Although TLS solves concurrency problems, it creates a few problems of its own. Data stored in TLS can be accessed only by the owning thread. Objects that store data in TLS generate a dependency on the thread that created them. As we'll see later in this chapter, Visual Basic objects are heavy users of TLS; therefore, every Visual Basic object has a dependency on the thread that created it. A Visual Basic object can never be accessed by any other thread. This condition is known as thread affinity. As you'll see later, thread affinity becomes a limiting factor in environments that use thread pooling.
Many programmers—especially those who write business logic in languages such as Visual Basic—don't think about concurrency and synchronization. They assume that their code will run in an environment with a single thread, or they don't think about threading at all. They never worry about synchronizing their data during method calls. They can't reap the benefits offered by a multithreaded environment, but they are generally much more productive because they never spend time on issues relating to concurrency.
As you can see, there are two very different ways to write code. You can write code that's thread-savvy or you can write code that's thread-oblivious. The creators of COM looked for a way to integrate both types of code into a single application. But they faced a large potential problem. If two components are integrated into a single application, a thread-savvy component might try to access a thread-oblivious component in a way that would make the thread-oblivious component behave unpredictably and crash.
One way to safely integrate these two components is to modify one to accommodate the other. You can make the thread-oblivious component more robust or make the thread-savvy component less dangerous. However, this approach is undesirable because it requires a modification of one of the code bases. COM solves the integration problem with an abstraction known as an apartment. Apartments allow a variety of components to interoperate without forcing anyone to change their thread management policy.
An apartment is an execution context that allows any component to assume that all other components are running with the same level of thread awareness. Here's how the model works. Every COM object is created within the context of a COM apartment, as shown in Figure 7-2. A Win32 thread must explicitly enter an apartment before creating and interacting with COM objects. Under strict rules defined by COM, a thread in one apartment cannot touch an object that lives in another apartment. If a method call is made from one apartment to another, the call must be remoted across a proxy/stub pair. The proxy/stub layer for interapartment communication is built the same way as for interprocess communication. As you'll see, an apartment can serialize every incoming method call in a manner that eliminates the possibility of concurrency.
Figure 7-2. In COM, every object must be created within the context of an apartment. Every COM-aware thread must also run within the context of an apartment.
COM currently defines two threading models, each based on a different type of apartment. A multithreaded apartment (MTA) provides an execution context for components that are thread-savvy. A single-threaded apartment (STA) is a safe execution context for running objects that were written without concern for locking and synchronization. STAs are helpful because they eliminate the need for programmer-assisted synchronization, but they're based on an invocation architecture that's less than optimal.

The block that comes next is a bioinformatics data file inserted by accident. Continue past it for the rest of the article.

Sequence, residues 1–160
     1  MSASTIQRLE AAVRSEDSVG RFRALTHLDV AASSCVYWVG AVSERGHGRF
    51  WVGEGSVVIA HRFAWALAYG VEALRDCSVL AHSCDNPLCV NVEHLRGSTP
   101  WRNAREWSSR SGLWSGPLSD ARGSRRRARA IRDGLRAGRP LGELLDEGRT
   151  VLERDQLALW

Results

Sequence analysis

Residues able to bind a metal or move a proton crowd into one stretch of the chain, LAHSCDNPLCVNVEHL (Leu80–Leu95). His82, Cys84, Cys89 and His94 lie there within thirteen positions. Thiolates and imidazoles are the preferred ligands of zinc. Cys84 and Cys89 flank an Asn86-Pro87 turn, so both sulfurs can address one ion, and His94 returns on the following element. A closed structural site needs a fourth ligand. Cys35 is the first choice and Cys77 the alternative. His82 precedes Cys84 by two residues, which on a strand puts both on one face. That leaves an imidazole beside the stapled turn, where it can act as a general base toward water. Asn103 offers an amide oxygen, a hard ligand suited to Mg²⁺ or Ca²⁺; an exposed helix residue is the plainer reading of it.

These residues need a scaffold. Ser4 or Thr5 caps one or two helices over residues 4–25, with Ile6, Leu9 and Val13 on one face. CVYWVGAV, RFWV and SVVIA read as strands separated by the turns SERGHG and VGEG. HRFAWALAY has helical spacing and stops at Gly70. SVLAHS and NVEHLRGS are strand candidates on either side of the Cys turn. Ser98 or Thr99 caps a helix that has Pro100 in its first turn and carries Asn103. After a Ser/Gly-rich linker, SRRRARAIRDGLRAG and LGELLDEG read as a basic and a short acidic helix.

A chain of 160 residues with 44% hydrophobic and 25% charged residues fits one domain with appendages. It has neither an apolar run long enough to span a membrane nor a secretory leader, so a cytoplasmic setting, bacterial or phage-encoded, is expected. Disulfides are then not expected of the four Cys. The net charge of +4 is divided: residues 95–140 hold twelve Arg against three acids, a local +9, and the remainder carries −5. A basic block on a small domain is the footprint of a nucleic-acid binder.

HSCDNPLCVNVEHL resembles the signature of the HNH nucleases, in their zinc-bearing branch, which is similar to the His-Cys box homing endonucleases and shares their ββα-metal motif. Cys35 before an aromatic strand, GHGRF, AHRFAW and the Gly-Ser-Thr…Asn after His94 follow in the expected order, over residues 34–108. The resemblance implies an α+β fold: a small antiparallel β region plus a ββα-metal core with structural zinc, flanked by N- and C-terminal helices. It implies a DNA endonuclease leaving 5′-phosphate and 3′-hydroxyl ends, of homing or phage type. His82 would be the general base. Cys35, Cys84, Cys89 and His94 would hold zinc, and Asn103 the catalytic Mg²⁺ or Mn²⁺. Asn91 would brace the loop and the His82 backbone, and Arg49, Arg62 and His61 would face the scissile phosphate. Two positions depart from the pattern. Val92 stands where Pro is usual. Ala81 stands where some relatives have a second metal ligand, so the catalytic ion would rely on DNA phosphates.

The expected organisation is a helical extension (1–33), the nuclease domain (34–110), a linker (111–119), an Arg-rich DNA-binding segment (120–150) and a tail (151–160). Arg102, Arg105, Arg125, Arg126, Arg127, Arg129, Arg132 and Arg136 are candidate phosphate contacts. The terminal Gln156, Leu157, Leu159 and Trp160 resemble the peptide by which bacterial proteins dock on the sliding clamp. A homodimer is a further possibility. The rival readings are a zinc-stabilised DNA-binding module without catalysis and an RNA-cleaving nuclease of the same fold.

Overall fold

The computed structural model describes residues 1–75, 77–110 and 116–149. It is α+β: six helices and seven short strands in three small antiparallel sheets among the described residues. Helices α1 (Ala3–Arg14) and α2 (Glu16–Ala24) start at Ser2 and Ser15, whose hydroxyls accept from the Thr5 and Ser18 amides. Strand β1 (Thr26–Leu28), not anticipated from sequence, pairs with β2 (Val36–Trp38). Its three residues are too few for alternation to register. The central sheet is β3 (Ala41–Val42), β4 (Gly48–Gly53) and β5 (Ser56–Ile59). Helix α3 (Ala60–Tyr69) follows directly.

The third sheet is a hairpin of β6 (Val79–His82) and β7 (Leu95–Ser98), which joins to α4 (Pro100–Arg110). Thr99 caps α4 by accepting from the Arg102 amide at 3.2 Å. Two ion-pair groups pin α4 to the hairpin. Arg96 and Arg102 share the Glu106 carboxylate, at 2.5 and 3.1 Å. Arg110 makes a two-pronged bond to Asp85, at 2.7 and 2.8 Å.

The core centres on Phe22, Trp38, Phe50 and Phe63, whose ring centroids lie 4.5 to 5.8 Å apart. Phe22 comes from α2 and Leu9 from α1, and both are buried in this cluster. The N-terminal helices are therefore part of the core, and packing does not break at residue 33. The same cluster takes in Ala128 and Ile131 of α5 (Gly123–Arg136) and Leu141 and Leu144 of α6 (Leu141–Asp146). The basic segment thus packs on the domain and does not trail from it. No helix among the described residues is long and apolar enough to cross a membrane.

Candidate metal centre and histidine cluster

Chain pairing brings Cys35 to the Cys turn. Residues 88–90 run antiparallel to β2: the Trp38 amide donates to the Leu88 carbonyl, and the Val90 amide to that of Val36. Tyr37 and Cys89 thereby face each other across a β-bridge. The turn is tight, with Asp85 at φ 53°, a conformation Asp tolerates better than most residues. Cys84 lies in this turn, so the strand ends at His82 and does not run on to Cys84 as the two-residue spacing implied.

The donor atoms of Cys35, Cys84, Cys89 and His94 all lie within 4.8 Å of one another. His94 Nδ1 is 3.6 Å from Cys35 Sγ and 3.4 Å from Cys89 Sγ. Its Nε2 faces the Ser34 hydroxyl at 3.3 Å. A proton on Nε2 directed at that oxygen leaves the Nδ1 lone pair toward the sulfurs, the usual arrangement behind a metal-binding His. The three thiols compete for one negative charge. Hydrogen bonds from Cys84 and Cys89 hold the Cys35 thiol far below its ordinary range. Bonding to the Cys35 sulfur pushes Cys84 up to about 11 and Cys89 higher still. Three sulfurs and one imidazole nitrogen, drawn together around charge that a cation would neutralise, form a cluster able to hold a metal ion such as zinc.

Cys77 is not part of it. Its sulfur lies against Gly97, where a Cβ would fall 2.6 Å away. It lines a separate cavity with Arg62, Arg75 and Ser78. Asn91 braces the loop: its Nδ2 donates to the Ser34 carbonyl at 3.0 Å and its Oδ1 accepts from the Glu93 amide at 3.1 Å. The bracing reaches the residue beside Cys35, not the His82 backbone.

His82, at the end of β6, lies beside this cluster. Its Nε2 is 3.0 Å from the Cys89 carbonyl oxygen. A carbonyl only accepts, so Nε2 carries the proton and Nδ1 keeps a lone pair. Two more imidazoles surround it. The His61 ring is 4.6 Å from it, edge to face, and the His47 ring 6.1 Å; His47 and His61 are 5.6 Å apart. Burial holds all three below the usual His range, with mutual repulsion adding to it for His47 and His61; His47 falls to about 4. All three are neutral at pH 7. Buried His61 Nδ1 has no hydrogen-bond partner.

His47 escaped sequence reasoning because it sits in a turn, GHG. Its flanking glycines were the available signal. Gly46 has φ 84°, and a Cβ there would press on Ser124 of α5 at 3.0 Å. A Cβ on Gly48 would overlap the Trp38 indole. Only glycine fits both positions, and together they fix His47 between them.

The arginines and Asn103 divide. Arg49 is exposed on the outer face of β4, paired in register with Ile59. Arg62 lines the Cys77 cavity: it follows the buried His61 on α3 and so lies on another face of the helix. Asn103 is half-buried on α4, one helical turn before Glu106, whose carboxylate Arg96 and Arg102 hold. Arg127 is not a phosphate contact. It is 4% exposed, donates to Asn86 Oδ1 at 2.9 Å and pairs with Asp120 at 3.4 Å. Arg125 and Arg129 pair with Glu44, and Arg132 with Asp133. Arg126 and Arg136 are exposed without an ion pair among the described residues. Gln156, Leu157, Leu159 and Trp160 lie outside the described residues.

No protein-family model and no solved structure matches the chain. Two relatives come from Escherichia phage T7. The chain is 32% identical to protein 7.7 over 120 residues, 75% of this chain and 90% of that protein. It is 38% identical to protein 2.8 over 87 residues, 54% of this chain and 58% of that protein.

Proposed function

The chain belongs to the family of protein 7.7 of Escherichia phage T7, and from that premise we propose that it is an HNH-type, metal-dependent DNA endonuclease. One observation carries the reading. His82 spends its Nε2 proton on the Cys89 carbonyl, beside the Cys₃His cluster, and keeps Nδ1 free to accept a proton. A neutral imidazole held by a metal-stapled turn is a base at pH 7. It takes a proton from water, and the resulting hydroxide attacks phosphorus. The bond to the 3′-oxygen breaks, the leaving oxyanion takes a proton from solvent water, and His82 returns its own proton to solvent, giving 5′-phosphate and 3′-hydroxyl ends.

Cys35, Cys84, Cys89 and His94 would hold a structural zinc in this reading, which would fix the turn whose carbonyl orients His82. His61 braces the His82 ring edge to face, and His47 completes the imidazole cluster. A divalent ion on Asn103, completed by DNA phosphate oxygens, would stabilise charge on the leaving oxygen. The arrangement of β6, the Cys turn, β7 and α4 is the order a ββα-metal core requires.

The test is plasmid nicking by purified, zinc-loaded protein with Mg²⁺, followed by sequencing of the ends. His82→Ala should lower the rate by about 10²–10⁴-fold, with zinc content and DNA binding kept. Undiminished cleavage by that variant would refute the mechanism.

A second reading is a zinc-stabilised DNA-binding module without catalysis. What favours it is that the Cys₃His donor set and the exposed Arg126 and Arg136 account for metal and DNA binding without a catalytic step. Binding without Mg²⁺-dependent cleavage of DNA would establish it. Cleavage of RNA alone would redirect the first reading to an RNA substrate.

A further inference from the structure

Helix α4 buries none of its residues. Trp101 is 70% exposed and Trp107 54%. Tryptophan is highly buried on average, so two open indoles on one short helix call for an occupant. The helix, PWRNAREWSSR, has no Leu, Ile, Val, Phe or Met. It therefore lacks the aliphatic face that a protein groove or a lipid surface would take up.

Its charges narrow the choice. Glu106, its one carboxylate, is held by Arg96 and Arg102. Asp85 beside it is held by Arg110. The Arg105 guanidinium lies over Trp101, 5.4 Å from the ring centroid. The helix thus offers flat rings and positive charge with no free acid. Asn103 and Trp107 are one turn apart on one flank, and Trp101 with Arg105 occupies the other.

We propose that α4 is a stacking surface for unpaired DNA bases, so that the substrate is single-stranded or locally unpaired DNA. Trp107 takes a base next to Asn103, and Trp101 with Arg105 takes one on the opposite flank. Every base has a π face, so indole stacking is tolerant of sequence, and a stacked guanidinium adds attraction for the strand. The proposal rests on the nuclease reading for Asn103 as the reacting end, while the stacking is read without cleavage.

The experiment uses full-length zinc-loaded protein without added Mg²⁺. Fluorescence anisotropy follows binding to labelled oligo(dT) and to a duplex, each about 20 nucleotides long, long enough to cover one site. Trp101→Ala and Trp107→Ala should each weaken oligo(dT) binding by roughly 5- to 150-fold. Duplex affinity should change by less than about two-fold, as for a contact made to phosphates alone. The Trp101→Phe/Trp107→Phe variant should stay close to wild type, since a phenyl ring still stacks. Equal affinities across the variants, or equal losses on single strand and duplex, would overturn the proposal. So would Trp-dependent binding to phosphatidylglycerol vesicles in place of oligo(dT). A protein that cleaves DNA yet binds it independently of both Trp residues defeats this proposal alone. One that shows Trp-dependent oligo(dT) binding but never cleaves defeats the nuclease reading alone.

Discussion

Two different sets of terminology are used to describe COM's threading models. The Win32 SDK documentation uses the terms multithreaded apartment and single-threaded apartment. Other authors and development tools use the terms free-threaded and apartment-threaded. A free-threaded component is written to run in an MTA. An apartment-threaded component is written to run in an STA. Whenever you hear the term apartment, you can infer that this means an STA. Every COM-aware thread must formally enter a specific apartment, so MTA and STA are really the more accurate terms.
A process that runs COM objects must have at least one apartment. Figure 7-3 shows three possible layouts for the apartments in a process. A process that runs a single apartment can employ either an STA or an MTA. An application can also run multiple apartments. A process is limited to a single MTA, but it can run many STAs. The MTA can run any number of threads and thread-savvy objects, so there's no need for more than one per process. However, a process can run multiple STAs to provide multithreading in an application that is built using thread-oblivious components.
A thread running in the MTA can directly execute a method on an object that is also running in the MTA. When a method is invoked on an MTA-resident object by a thread running in a different apartment, COM's underlying RPC layer services the call by dispatching a thread from a dynamically managed pool. Figure 7-4 shows how two incoming calls can be dispatched concurrently on an object. The MTA is a fast and responsive environment, but programmers are expected to write objects that are robust in the face of concurrency.
Figure 7-3. A process that runs COM objects contains one or more apartments. A process is limited to a single MTA, but it can have multiple STAs.
Figure 7-4. In a multithreaded apartment, when the process receives a method call bound for an object running in the MTA, COM's underlying RPC layer services it by dispatching a thread from a dynamic pool.